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Unmanned Aircraft

NEWS
February 3, 2002 | WILLIAM M. ARKIN, TIMES SPECIAL CORRESPONDENT
In Afghanistan, unmanned aircraft have come as close to being war heroes as machines can get. They are providing invaluable reconnaissance, damage assessment and other intelligence information. Some have even hit enemy targets. All at zero risk to American pilots. Despite their increasing acceptance by a once-skeptical military, however, unmanned aircraft will be hard to find when the Pentagon unveils its new budget Monday.
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BUSINESS
July 30, 2010 | By W.J. Hennigan, Los Angeles Times
Bolstered by sales of robotic planes and radar systems, military contractor Northrop Grumman Corp. said second-quarter earnings nearly doubled from a year earlier. Northrop's earnings rose to $711 million, or $2.34 a share. That's up 93% from last year's $368 million, or $1.21 a share. Analysts, on average, had expected $2.19 a share. The Century City aerospace giant, which has sprawling facilities in Redondo Beach, El Segundo and Palmdale, said sales rose 3% to $8.8 billion.
BUSINESS
November 28, 2012 | By W.J. Hennigan, Los Angeles Times
The U.S. Navy's new bat-winged experimental drone has been delivered to an aircraft carrier to undergo handling tests aboard the ship. The Navy said that sailors aboard the aircraft carrier Harry S. Truman took delivery of the drone Monday from Naval Air Station Patuxent River in Maryland, where it had been undergoing tests. Truman is the first aircraft carrier to conduct test operations for an unmanned aircraft. The drone, named the X-47B, is designed to perform one of aviation's most difficult maneuvers: landing on the deck of an aircraft carrier.
NATIONAL
June 22, 2010 | By Peter Nicholas
The Obama administration formally asked Congress on Tuesday for $600 million in emergency funds to hire another 1,000 Border Patrol agents, acquire two drones and enhance security along the Southwest border. The money would also pay for an additional 160 Immigration and Customs Enforcement agents and extra Border Patrol canine teams, according to a senior White House official who spoke on condition of anonymity because he was not authorized to speak publicly. In a letter to House Speaker Nancy Pelosi (D- San Francisco)
NATIONAL
December 30, 2013 | By Richard Simon and W.J. Hennigan
WASHINGTON -- After a fierce nationwide competition that offers potentially big economic benefits for the winners, six sites were selected Monday for testing of how drones can be more widely used in U.S. airspace. The Federal Aviation Administration announced the selection of sites in Alaska, Nevada, New York, North Dakota, Texas and Virginia. California, vying to become the Silicon Valley of robotic aircraft, was among the losers in the 24-state competition.  "These test sites will give us valuable information about how best to ensure the safe introduction of this advanced technology into our nation's skies,” Transportation Secretary Anthony Foxx in a statement.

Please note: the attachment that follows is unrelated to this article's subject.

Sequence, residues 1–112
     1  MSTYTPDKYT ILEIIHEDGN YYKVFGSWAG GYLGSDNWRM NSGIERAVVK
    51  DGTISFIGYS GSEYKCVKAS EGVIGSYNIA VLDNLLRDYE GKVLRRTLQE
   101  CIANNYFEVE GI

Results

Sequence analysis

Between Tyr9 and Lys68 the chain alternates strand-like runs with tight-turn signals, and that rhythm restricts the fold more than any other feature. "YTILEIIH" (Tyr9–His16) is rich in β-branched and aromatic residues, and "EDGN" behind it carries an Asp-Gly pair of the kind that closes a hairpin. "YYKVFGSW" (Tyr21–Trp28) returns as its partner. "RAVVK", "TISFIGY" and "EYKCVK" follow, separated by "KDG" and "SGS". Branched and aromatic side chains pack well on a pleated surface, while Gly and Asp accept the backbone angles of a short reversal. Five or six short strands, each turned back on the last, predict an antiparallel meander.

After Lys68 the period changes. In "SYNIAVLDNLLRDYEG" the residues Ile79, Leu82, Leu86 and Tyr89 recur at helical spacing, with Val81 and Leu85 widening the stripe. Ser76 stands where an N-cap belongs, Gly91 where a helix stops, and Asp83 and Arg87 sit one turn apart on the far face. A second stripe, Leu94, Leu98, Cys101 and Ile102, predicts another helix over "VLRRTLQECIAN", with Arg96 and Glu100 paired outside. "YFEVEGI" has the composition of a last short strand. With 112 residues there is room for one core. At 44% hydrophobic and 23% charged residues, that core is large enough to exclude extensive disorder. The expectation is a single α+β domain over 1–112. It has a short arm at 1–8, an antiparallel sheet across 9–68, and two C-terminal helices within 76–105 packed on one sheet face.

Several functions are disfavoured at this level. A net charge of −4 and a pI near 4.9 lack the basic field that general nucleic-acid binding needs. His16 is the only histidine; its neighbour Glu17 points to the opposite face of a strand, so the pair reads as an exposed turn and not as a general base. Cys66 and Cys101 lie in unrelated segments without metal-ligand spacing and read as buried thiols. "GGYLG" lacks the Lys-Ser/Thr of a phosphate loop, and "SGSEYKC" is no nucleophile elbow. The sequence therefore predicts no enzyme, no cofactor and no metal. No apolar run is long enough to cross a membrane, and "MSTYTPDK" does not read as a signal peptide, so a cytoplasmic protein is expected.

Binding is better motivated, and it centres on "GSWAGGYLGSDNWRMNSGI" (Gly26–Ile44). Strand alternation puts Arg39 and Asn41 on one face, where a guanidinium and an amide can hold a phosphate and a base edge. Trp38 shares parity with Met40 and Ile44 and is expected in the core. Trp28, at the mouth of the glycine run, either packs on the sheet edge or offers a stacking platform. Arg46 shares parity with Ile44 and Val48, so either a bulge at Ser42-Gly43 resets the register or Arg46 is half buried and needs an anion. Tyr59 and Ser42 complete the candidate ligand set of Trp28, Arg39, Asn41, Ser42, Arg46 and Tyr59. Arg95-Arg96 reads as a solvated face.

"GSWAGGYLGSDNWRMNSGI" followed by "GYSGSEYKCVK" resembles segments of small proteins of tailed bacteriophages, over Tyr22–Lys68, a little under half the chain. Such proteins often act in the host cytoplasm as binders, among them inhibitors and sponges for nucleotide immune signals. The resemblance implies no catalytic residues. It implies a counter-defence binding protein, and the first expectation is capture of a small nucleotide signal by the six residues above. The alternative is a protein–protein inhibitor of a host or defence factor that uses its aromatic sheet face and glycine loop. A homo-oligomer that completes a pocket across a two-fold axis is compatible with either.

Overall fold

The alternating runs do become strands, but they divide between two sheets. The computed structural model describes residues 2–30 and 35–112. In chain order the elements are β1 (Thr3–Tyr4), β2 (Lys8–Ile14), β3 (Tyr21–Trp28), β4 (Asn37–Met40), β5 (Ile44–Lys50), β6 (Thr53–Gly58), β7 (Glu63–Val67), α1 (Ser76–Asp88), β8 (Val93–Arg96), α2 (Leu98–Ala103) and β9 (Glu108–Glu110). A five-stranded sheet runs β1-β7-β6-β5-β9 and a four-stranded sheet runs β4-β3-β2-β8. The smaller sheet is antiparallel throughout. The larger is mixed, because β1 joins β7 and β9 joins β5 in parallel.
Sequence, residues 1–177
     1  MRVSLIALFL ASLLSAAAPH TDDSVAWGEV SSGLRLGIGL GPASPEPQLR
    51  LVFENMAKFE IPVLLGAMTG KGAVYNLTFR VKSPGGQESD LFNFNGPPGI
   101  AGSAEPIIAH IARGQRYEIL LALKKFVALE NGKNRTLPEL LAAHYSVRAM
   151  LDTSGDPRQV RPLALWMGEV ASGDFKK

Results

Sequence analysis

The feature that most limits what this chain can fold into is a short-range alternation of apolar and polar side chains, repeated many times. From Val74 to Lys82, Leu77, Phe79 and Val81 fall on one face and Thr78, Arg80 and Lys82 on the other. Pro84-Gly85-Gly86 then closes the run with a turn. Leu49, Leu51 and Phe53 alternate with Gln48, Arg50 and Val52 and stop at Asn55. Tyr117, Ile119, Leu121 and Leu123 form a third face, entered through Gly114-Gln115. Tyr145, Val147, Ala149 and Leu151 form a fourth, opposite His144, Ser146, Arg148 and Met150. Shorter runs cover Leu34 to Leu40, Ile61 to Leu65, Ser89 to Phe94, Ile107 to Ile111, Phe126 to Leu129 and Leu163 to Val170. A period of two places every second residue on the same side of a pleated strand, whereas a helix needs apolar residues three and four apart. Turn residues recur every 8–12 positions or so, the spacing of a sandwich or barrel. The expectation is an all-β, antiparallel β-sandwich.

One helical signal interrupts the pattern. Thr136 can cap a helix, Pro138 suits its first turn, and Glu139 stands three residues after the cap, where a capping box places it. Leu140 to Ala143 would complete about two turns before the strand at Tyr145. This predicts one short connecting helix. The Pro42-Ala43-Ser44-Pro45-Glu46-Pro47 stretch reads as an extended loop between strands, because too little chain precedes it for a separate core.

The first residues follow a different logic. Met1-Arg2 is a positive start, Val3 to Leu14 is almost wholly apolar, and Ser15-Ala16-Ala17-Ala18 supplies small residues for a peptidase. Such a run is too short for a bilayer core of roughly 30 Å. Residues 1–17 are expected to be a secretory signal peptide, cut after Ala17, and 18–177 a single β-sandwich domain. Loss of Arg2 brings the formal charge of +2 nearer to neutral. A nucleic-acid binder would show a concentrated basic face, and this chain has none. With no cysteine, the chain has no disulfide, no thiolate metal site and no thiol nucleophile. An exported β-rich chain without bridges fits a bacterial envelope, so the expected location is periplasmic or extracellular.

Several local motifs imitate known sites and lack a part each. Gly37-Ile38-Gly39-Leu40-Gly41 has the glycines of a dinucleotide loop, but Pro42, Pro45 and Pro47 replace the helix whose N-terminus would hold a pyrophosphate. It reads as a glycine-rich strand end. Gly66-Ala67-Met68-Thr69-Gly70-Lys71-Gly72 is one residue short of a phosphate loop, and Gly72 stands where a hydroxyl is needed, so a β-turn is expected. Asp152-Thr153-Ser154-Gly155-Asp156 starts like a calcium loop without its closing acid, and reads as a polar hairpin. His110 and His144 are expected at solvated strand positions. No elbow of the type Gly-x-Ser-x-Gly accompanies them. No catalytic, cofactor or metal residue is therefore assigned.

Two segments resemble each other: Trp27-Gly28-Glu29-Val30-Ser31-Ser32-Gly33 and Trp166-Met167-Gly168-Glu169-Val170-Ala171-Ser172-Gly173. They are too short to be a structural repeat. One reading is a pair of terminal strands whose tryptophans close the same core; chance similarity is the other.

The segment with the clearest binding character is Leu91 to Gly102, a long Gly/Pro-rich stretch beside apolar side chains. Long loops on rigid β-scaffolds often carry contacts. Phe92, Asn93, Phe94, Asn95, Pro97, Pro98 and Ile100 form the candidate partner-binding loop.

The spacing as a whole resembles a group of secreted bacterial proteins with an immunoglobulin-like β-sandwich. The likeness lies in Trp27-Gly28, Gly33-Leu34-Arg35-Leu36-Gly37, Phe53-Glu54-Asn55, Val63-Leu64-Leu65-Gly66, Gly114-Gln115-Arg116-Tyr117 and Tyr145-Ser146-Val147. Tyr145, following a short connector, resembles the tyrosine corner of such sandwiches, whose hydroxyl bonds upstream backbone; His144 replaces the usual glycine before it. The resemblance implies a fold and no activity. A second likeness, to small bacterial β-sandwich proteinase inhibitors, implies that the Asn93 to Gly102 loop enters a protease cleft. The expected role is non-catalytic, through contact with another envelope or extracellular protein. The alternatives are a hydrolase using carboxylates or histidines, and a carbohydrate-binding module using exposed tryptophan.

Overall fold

NEWS
January 19, 2002 | PETER PAE, TIMES STAFF WRITER
When the Central Intelligence Agency jury-rigged a remote-controlled spy plane with missiles and then used them to take out a Taliban target in Afghanistan, it was a first step in revolutionizing air-to-ground combat. Instead of a pilot in a cockpit, a computer operator in an air-conditioned trailer hundreds of miles away used a keyboard and a joystick to fire the missile.
BUSINESS
April 3, 2004 | From Bloomberg News
Northrop Grumman Corp., the nation's third-largest defense firm, received a $202-million Air Force contract Friday to produce four unmanned Global Hawk spy planes -- the kind tested in Iraq and Afghanistan. Northrop will supply a total of four planes with different configurations of sensors, as well as mission-control equipment, extra sensors and other spare parts, the Air Force said. Work will be completed by October 2005. Unmanned spy planes are a central part of efforts by the U.S.
WORLD
January 18, 2005 | Tony Perry, Times Staff Writer
Improved technology and better planning before November's battle for Fallouja helped U.S. forces avoid the "friendly fire" casualties that have plagued other large-scale military operations, Marine Corps commanders say. Col. John Coleman, chief of staff for the Camp Pendleton-based 1st Marine Expeditionary Force, said new technology, rushed to Fallouja within days of the battle, allowed air and ground units to know the precise location of U.S. forces in real time.
BUSINESS
September 11, 2010 | By W.J. Hennigan, Los Angeles Times
The cars begin rolling through the security checkpoints before dawn. Here, in a sprawling complex amid the craggy rock outcroppings of north San Diego County, 3,300 workers are building a new generation of weapons central to the military's vision for modern warfare. This is where General Atomics Aeronautical Systems makes the Predator and Reaper drones, robotic planes that can thread the rugged mountains of Pakistan, capture video images of terrorist hideouts and launch 500-pound Hellfire missiles to blast them apart.
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